I read a bit about what was once called Blue Night and is now called Here and Now, directed by documentary filmmaker Fabien Constant, before I saw it. Starring Sarah Jessica Parker, the story takes place in Manhattan, but is a far cry from her Cosmopolitan-swilling single lady escapades in Sex and the City. Instead, it is about a moody singer in the midst of preparing for a major engagement who learns that she has a possibly deadly brain tumor. Much of what I heard about this dazed walkabout through urban landscapes dotted with encounters, both by chance and arranged, sounded contrived and uninvolving.
But it kept me watching, fascinated to see what would come next for Parker’s Vivienne who strolls about in stilettoes, a pleated white skirt and a denim shirt opened down to there with a necklace that has a heart-shaped lock. She is mostly ignored by others as she works through her bad news and tries to attend to the day at hand. She rehearses. She refuses to open up to a shallow reporter. She deals with her self-centered French mother (Jaqueline Bisset), who is staying with her. She has sex twice with her drummer boyfriend. She buys a gorgeous gossamer gown and nearly loses it when she takes a Lyft. She stops by the apartment of her ex-husband (Simon Baker) to see her teen daughter and then runs into an old tipsy friend (Renee Zellweger) outside a restaurant who is celebrating her birthday. Then Vivienne sings a song at a club, a fluttery ditty by Rufus Wainwright with lyrics that contain the phrase “unfollow the rules” that is more Broadway than jazz or blues.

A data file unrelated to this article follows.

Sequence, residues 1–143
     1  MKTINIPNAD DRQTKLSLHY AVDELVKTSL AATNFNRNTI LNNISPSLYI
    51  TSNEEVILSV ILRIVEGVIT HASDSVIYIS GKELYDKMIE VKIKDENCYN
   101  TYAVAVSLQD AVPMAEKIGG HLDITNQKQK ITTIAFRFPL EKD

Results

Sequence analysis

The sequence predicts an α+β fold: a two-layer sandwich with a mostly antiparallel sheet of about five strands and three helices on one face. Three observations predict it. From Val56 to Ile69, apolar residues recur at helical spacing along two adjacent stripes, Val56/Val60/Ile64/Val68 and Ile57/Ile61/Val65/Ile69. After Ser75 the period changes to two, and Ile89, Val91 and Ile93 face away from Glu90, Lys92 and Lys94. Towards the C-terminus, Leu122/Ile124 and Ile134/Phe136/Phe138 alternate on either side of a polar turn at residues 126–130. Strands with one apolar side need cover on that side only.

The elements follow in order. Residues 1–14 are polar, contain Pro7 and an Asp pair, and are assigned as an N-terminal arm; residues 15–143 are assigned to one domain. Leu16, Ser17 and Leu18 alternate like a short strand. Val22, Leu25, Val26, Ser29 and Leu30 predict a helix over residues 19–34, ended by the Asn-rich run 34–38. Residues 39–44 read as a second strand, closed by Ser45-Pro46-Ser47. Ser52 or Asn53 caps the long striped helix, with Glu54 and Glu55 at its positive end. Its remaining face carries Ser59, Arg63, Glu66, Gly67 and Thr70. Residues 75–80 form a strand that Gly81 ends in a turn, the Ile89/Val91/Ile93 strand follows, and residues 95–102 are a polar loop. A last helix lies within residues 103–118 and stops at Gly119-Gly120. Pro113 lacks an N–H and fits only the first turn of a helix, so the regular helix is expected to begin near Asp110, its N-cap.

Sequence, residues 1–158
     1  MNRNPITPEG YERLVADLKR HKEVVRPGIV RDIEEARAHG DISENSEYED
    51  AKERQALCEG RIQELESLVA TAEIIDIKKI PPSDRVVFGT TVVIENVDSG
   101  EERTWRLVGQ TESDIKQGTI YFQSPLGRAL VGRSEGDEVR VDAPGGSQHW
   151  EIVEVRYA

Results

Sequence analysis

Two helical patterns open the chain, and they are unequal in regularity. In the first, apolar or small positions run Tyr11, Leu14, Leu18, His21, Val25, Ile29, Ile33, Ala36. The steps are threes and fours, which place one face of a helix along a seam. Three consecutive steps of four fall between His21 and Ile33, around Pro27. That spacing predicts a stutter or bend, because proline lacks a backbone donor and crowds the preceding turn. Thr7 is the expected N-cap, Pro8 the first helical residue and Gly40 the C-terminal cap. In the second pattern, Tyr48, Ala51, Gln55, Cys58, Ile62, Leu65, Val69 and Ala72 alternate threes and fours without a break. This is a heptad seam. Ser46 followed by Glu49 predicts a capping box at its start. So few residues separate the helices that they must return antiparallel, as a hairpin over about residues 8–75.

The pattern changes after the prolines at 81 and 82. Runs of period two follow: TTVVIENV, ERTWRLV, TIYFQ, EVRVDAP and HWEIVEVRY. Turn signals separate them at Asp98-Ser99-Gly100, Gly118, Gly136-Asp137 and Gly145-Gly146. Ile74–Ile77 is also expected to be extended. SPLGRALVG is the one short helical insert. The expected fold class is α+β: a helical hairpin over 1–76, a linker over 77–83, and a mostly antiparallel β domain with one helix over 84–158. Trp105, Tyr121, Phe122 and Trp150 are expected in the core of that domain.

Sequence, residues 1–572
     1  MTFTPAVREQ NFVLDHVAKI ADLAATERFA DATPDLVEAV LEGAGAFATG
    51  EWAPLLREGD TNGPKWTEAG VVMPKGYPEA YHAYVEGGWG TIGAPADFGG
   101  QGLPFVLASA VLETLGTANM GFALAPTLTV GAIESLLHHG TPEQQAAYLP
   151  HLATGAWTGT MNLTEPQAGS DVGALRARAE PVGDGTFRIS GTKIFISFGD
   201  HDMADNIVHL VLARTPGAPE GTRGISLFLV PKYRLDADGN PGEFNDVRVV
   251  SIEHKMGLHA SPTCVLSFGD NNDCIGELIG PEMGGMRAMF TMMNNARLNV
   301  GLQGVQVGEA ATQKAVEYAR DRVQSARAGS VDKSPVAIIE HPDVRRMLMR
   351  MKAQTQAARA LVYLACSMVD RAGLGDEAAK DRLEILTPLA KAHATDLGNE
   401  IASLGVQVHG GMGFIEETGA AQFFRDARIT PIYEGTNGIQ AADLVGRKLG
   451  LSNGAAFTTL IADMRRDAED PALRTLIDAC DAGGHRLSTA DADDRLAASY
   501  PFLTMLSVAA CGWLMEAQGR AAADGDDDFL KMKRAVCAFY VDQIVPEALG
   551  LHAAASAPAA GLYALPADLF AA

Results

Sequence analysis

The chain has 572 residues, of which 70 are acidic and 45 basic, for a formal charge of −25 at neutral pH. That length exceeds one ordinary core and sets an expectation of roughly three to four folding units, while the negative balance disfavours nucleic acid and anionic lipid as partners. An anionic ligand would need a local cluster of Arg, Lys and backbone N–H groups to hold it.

That is quite a day. On top of that she keeps running into the same Lyft driver, who is having issues with his wife. They share an appreciation of Django Reinhardt and he becomes her guardian angel of sorts. Parker flutters her hands on her face now and then, as if to see if she can feel it, while her intense blue eyes practically shoot out rays of pained emotion and uncertainty. It seems she digs going deep for once and that isn’t a bad thing.
And, all the while, her likely fate hangs over her like a medical sword of Damacles. I don’t know what to make of Parker’s breathy whispering of “I Think We’re Alone Now” over the end credits but it is apt enough conclusion to an open-ended but not unpleasant watch.